Posted on February 02, 2014
Coach Martie Bradley says that "competing in moot courts and international moot courts teaches students intricate research and writing skills as their arguments are tested by an international panel of judges, confidence, court etiquette and exposure to verbal presentation on an international level. There is truth to the saying that moot courts are won in the library as every legal aspect and authority has to be consulted to give a correct nuanced version of your case. The fact that both applicant and respondent sides have to be argued gives students a very balanced view of research and the art of presenting the same case for opposing sides. A winning team has to be able to write academically, to research very accurately and to present orally, resulting in the development of legal skills at a rapid rate during such competition."
According to Adu, "assisting the team was driven by the importance of mentorship and the development of student culture at UP. Especially having been a past Jessup Mooter I wanted to plow back the skills that I had learnt. The Jessup Cup is an important opening for law students interested in public international law and addresses some of the most critical global issues today. It teaches and allows students to become connected and retain a critical mindset in geo politics, security, state practice, human rights and international relations all within the backdrop of international law. As a student with a passion for this field it was really meaningful and academically enriching, but also awesome!"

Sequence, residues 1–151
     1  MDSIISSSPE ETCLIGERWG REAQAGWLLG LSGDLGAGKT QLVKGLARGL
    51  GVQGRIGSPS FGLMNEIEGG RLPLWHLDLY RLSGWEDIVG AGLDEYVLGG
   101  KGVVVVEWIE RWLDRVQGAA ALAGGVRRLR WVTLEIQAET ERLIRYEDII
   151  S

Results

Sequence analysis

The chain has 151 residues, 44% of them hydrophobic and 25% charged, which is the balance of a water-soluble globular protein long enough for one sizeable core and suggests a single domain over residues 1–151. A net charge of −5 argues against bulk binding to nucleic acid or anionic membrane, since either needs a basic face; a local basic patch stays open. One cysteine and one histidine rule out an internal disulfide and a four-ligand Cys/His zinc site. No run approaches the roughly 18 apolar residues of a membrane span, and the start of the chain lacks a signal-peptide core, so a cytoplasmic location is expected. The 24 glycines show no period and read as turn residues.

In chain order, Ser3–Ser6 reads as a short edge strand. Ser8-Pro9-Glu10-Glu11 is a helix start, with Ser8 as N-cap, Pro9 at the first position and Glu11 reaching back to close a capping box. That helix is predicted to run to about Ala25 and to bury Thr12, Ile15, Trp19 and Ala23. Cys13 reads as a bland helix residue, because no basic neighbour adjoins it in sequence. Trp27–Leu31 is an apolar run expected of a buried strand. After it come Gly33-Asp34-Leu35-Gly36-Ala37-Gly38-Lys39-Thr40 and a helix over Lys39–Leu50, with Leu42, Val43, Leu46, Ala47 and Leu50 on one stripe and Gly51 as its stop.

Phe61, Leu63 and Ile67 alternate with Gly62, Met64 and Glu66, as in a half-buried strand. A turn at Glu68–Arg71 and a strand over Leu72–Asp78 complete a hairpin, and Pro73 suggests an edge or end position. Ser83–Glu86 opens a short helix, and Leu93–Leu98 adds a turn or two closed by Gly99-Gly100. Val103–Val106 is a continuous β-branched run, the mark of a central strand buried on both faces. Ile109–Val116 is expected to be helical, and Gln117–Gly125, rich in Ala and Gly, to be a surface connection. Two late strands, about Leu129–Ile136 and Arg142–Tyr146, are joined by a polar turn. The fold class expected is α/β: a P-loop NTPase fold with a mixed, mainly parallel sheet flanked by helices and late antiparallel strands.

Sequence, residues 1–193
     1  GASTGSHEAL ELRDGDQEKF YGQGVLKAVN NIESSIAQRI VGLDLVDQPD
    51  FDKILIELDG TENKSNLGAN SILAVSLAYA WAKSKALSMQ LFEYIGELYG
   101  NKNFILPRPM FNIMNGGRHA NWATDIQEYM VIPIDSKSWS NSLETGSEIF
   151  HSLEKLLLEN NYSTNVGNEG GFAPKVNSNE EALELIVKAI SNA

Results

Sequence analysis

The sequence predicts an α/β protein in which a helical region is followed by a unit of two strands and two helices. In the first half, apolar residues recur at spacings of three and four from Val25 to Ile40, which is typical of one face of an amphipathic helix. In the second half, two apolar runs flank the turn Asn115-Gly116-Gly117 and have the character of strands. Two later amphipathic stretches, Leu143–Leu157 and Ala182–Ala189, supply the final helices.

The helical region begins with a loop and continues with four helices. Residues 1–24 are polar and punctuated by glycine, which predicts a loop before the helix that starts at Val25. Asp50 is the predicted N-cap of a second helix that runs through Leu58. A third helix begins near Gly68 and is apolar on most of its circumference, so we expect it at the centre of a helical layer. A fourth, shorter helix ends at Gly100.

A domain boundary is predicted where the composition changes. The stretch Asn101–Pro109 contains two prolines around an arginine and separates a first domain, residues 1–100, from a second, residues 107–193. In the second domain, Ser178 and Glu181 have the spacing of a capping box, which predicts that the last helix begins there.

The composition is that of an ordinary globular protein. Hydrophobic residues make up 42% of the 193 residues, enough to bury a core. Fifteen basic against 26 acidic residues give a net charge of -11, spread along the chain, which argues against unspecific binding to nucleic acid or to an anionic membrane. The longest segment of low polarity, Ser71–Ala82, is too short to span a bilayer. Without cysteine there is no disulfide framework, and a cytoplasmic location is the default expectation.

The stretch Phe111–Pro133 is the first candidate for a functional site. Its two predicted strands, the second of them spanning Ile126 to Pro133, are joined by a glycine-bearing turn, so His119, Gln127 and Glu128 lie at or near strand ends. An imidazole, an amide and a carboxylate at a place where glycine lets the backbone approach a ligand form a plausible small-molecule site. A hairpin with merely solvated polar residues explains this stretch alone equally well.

2014 will be the 55th year of the Philip C. Jessup International Law Moot Court Competition. Jessup is the world's largest moot court competition, with participants from over 550 law schools in more than 80 countries. The Competition is a simulation of a fictional dispute between countries before the International Court of Justice, the judicial organ of the United Nations. One team is allowed to participate from every eligible school. Teams prepare oral and written pleadings arguing both the applicant and respondent positions of the case. Most students first compete in qualifying competitions (mostly held in January to March) in their countries or regions to earn the right to advance to the White & Case International Rounds held every spring in Washington, D.C.
The 2014 Jessup Problem is based on conflict between maritime development and conservation, criminal jurisdiction and maritime salvage rights.
The Faculty of Law, on behalf of the participants, expresses its sincere appreciation to White & Case for sponsoring the National Rounds of this competition over many years.
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